We would hope that school bullies would grow out of their bad habits when they become adults, but unfortunately bullying does occur in the workplace.
You don’t want it to happen in your charity as bullying can cause grievances, absences, disengaged employees, resignations and claims. But the good news is that there are practical steps you can take to protect your charity.
What is bullying?
Acas defines bullying as ‘offensive, intimidating, malicious or insulting behaviour, an abuse or misuse of power through means intended to undermine, humiliate, denigrate or injure the recipient’, so examples include picking on someone, spreading malicious rumours, ostracising them, unfairly criticising their work or undermining them.
An employee cannot make a claim for bullying to an Employment Tribunal. If, however, it falls under the scope of harassment and concerns one of the protected characteristics under the Equality Act, they may be able to lodge a claim against you.
Under the Equality Act, harassment is defined as ‘unwanted conduct related to a relevant protected characteristic, which has the purpose or effect of violating an individual's dignity or creating an intimidating, hostile, degrading, humiliating or offensive environment for that individual’. It can be in relation to someone’s age, disability, gender reassignment, race, religion or belief, sex and sexual orientation.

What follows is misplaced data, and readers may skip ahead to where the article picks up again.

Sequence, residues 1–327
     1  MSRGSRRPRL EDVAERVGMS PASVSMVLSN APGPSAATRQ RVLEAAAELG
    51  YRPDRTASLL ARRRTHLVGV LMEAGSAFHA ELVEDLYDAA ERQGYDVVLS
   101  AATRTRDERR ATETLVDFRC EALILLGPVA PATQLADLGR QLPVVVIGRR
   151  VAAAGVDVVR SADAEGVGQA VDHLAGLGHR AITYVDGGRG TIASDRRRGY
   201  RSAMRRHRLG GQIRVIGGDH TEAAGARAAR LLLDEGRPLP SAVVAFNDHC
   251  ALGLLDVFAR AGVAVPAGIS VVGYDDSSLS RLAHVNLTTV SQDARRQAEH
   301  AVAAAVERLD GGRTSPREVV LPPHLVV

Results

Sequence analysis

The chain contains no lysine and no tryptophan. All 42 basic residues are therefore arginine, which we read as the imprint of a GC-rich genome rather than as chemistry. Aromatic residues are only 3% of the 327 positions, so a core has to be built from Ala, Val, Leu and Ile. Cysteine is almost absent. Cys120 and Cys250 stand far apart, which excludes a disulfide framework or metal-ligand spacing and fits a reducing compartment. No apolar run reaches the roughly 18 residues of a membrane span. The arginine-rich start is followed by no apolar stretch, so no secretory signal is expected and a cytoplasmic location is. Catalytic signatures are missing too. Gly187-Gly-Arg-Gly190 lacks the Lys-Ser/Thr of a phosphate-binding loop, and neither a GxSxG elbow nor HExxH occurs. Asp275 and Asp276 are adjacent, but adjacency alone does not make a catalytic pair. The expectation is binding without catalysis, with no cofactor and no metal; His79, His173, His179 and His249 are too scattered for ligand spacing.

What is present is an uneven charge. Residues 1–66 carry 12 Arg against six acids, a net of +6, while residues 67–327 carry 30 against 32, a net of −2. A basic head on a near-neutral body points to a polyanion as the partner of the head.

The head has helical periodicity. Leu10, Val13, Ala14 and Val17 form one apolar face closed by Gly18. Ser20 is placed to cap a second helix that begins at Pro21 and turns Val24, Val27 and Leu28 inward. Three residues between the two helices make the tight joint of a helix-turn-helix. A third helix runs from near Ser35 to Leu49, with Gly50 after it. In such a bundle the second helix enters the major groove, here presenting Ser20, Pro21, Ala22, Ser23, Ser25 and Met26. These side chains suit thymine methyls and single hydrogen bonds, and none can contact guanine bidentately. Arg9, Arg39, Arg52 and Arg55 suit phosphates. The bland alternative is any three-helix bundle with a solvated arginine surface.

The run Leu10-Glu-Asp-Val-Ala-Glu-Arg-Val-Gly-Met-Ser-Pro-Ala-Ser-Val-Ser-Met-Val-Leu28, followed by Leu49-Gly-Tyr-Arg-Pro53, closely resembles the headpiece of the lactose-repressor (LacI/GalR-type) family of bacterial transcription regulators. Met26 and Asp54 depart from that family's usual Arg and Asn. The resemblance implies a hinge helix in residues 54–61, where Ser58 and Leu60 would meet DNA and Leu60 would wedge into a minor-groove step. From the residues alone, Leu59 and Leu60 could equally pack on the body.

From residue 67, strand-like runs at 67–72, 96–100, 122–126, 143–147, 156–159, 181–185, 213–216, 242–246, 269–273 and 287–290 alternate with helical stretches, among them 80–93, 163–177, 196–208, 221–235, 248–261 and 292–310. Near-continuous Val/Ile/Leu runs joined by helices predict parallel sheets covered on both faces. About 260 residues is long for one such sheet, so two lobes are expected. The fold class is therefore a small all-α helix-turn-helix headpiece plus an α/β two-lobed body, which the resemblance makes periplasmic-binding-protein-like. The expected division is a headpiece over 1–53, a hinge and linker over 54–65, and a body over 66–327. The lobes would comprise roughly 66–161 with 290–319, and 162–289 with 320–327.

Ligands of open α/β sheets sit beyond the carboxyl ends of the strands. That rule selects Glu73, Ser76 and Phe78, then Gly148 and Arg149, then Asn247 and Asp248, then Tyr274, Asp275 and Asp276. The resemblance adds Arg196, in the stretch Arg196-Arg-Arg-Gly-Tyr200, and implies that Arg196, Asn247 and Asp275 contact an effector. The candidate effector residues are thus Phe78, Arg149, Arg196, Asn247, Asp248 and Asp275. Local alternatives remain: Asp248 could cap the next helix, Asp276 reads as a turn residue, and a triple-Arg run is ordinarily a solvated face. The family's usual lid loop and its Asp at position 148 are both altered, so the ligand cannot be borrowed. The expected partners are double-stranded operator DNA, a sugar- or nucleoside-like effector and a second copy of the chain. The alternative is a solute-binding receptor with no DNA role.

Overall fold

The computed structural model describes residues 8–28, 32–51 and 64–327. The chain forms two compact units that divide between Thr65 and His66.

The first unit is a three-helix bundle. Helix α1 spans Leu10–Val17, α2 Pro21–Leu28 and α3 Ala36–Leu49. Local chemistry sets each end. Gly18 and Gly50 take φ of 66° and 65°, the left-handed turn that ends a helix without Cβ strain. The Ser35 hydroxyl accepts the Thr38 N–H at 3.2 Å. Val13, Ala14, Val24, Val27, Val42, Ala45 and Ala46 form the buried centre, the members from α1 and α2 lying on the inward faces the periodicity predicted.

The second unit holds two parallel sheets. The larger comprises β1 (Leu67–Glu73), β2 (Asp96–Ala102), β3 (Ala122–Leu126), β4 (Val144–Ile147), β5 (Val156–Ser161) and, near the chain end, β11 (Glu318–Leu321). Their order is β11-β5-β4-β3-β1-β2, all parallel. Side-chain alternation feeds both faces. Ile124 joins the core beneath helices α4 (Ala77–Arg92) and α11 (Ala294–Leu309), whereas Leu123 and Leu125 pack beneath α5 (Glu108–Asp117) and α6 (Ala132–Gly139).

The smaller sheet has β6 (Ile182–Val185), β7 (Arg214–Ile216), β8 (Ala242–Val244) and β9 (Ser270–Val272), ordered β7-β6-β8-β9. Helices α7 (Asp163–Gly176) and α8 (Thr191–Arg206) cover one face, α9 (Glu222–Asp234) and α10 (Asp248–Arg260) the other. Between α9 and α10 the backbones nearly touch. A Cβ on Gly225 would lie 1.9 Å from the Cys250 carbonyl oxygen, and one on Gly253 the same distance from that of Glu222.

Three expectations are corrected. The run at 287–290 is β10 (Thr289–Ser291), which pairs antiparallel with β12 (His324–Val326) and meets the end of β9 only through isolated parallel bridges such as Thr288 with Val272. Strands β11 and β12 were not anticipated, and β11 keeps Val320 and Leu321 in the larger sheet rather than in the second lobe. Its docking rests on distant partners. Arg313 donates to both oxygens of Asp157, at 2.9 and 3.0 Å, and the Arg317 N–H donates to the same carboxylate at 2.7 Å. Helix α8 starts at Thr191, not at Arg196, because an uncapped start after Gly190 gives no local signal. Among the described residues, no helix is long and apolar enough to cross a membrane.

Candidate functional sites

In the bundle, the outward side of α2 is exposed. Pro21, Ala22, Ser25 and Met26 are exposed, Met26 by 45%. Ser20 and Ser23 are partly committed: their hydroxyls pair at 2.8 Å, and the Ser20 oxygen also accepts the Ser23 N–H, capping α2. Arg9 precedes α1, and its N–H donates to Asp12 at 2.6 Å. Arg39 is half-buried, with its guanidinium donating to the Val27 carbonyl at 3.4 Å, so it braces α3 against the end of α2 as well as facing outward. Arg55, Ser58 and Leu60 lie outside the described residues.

For example, you may face a claim for racial harassment if one of your managers is mimicking someone’s accent or making jokes about their country of origin.
Another point to remember is that even if an employee has tolerated the conduct towards them, or joined in with ‘banter’, it does not necessarily mean the conduct is not unwanted.
What are your duties?
Under the Equality Act, if an employee is found to have harassed another employee, the employer can be held responsible.
To avoid this, you must be able to prove that you have taken all reasonable steps to prevent employees from committing harassment in your workplace, so ensure it is clear to all employees that you do no tolerate bullying and harassment in your workplace. You should have a clear bullying and harassment policy in your Employee Handbook, which sets out your standards and expectations.
All managers should be trained to ensure they under stand all the relevant policies, can deal with any concerns that do arise and ensure their own management style does not step over the line.
Remind employees that it’s their responsibility to ensure that their behaviour does not cause offence and that any allegations made will be investigated and disciplinary action can be taken.
As you can see, bullying is a complex area so seek legal advice at the earliest opportunity. Call 0845 226 8393, ask for the Partnerships Legal Team and quote your ACEVO membership number.